Transcendental homesick blues

Steve Earle | Ulster Hall, Belfast
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In days gone by, the Ulster Hall was famed for Unionist-centric political rallies; tonight it was treated to a polemic of a different kind. Near the end of his set Earle, a Texan who passionately opposes the death penalty, introduced the harrowing "Over Yonder" (about his own experiences watching an execution at the prisoner's request). As he did so, he called for financial boycott and charges of human rights violations against his native land.

In days gone by, the Ulster Hall was famed for Unionist-centric political rallies; tonight it was treated to a polemic of a different kind. Near the end of his set Earle, a Texan who passionately opposes the death penalty, introduced the harrowing "Over Yonder" (about his own experiences watching an execution at the prisoner's request). As he did so, he called for financial boycott and charges of human rights violations against his native land.

"Right that's it," said one wag in the audience. "I'm going to refuse to buy anymore cocaine from America." Had he been in earshot Earle, whose political activism and past addictions have brought him into conflict with the Texas police (and prison system), would have appreciated the grim humour.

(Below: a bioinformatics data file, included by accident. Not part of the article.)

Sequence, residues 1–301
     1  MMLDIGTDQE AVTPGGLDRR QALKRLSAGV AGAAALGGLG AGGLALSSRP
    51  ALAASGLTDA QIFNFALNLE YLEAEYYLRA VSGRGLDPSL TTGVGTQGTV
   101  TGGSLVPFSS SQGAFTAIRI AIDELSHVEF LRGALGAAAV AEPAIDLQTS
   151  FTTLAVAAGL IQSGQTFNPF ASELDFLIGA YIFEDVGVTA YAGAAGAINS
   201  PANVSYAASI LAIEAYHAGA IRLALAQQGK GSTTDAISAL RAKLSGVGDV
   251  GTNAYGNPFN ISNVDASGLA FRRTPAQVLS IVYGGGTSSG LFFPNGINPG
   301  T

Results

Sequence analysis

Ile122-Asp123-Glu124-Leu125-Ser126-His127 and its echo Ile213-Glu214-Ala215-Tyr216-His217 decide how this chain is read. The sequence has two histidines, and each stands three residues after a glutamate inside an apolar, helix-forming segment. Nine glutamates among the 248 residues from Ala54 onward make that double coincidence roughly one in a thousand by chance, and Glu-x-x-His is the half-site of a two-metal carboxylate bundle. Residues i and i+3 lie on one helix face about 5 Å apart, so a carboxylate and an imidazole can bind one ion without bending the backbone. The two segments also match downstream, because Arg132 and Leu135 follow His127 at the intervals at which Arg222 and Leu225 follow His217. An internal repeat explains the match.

Grinding into a hard-faced, steam-hammered fusilade of caustic guitar and twanging, anguished vocals, Earle began the show with a selection from the current Transcendental Blues album. The impressive force and veiled menace may be perfect for attacking a cold, hard world and exorcising the post crack-addiction demons, but with the hall filled mostly by appreciative but sedate thirty- and fortysomethings, the essential audience feedback is not forthcoming.

Even so, with so many good songs in his canon and the particularly high standard of his work since the 1995 comeback Train A Coming, it was only a matter of time until he broke through the mire. The Civil War lament "Taneytown", the pop flash of "Last of the Hardcore Troubadours" and particularly "Someday" - a scalding indictment of small-town anomie and frustration, seething with montony and claustrophobia - all delivered.

More musical flavour emerged as the show progressed. McCoury nurtured instrumental virtuosity was to the fore on his electric mandolin intro to "Copperhead Road", while "Galway Girl" teemed with the high-spirited punk-folk of The Pogues. But it was when he dispensensed with the standard set list and hit the home straight of the long (two-and-a-half hour) show that political activism and musical might locked together on a truly corusucating version of the Chambers Brothers' "Time Has Come Today". A case of rebel victory seized from the jaws of the death penalty.

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